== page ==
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U.S. Foreign Language Student Digital Literacy Habits: Factors Affecting Engagement

  • Jeffrey MaloneyEmail author
Chapter
Part of the Educational Linguistics book series (EDUL, volume 37)

Abstract

In today’s academic contexts students are presented with a wide variety of digital technologies that present opportunities for authentic input and interactions with other speakers. Of special importance to consider is the cultivation of digital literacies and their connection with different factors (Guikema & Williams, 2014). Until now, there have been few attempts at linking extramural digital literacy practices with factors such as proficiency, study abroad experience or declared language majors. This study focuses on exploring students’ digital literacy practices in the L2 and draws a connection with the level of daily practices, language proficiency, study abroad experience, and declared language major. A pre-test survey was created and given to roughly 600 American Spanish L2 students that elicited information about tech-use across two indices: technology for language learning (e.g., dictionaries, apps) and technology for entertainment (e.g., movies, social media) in the L2. Surveys were taken before completing ACTFL certified tests in reading, speaking and listening. Findings indicate significant correlations for language proficiency, declared language major and study abroad experience and reported levels of technology use in the L2. Findings are discussed in reference to how to improve student engagement via digital means.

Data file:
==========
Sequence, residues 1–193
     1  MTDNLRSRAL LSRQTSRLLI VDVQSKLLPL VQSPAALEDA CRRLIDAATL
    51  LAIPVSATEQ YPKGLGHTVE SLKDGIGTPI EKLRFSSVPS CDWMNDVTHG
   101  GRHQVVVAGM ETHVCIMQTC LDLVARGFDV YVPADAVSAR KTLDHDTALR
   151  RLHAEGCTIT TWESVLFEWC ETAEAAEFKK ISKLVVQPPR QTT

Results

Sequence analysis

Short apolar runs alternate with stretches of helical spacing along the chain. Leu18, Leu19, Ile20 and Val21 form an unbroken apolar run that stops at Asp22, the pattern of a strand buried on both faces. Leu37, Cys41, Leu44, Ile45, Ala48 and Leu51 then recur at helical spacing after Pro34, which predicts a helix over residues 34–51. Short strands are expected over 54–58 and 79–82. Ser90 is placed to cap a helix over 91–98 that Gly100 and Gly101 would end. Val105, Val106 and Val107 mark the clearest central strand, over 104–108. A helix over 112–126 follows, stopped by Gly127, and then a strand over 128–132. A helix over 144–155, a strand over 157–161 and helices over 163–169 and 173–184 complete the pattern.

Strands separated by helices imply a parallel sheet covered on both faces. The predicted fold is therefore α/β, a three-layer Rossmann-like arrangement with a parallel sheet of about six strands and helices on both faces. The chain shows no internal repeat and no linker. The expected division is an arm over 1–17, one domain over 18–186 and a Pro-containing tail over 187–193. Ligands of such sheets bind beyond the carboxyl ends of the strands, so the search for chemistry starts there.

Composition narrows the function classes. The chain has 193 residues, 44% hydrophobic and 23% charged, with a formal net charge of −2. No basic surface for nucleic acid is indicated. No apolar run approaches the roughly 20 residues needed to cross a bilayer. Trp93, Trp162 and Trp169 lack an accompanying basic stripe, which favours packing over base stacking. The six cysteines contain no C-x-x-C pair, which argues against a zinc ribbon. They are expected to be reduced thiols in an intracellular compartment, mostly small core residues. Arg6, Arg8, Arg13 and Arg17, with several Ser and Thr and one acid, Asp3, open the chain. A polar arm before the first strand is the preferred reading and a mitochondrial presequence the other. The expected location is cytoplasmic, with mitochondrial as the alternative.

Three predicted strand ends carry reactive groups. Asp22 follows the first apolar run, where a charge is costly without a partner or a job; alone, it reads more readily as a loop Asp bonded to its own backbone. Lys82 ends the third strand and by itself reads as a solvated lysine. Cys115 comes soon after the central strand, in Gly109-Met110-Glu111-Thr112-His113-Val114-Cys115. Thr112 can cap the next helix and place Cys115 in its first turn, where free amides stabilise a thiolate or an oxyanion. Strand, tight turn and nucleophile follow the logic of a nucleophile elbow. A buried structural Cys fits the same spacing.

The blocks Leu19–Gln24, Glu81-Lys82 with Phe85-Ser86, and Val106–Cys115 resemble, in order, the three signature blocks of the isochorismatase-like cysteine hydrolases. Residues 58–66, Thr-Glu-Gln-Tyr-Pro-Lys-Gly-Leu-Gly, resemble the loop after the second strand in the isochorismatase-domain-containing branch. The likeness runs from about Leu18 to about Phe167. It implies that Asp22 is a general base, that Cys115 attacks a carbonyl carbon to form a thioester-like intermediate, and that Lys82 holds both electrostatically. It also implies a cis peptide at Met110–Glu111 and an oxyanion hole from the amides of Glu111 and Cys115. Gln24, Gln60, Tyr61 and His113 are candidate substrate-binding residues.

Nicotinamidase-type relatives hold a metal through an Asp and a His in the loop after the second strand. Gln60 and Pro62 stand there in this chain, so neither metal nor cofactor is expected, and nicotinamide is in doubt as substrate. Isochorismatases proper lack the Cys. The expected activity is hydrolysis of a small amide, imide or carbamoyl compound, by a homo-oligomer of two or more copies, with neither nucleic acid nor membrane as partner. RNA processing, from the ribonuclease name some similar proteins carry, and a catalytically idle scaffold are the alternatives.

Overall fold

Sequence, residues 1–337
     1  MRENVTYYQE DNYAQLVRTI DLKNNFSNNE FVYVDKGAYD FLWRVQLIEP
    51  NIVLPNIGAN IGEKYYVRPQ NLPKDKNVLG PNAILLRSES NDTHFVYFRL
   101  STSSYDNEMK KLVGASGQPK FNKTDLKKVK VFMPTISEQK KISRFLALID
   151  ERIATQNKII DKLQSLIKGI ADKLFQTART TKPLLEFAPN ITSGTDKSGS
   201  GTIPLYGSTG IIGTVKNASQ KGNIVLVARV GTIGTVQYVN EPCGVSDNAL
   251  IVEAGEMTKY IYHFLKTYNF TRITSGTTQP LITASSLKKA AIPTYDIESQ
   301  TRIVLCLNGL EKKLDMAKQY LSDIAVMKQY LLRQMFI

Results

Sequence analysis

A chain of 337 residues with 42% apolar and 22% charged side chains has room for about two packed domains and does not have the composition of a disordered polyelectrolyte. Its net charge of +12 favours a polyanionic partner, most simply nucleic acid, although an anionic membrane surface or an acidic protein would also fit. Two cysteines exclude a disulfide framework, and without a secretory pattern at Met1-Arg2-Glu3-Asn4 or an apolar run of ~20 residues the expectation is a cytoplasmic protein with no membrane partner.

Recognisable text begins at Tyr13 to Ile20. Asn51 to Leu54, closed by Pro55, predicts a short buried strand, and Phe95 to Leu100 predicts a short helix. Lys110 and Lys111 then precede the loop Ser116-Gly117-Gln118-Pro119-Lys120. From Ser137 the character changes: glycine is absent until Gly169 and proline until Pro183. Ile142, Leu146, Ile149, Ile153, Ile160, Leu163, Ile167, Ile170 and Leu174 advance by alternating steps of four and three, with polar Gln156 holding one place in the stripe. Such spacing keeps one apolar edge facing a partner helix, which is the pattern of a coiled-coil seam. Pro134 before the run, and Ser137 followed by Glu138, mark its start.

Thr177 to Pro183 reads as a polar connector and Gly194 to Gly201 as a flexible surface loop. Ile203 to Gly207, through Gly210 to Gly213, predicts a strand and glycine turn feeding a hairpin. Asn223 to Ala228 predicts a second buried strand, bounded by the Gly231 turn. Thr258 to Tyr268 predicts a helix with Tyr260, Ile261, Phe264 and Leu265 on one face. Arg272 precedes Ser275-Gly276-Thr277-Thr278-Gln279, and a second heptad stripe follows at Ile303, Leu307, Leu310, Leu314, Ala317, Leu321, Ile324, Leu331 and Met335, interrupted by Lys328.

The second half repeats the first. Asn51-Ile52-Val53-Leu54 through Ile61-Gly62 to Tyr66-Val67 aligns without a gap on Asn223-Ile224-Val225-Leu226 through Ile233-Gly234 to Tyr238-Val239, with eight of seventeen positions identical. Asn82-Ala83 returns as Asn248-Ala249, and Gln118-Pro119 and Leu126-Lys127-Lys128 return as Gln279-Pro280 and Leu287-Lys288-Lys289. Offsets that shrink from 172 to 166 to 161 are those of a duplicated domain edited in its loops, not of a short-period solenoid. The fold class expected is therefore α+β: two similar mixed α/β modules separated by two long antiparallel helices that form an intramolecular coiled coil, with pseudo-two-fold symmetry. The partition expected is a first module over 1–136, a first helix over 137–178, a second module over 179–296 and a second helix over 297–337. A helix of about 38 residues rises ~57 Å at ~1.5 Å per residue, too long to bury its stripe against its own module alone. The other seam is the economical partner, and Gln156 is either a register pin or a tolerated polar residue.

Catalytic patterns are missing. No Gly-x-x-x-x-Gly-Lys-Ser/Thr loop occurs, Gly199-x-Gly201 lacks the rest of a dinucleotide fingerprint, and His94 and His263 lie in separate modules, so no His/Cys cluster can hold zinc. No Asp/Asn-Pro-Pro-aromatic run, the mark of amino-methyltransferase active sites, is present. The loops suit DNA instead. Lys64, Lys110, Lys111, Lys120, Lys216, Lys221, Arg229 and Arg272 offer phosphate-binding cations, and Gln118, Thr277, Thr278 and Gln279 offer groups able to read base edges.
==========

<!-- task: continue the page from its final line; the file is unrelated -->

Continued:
Keywords

CALL Digital literacies Study abroad Proficiency Spanish as a foreign language ACTFL 

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Copyright information

© Springer Nature Switzerland AG 2019

Authors and Affiliations

  1. 1.Languages and LiteratureNortheastern State UniversityTahlequahUSA

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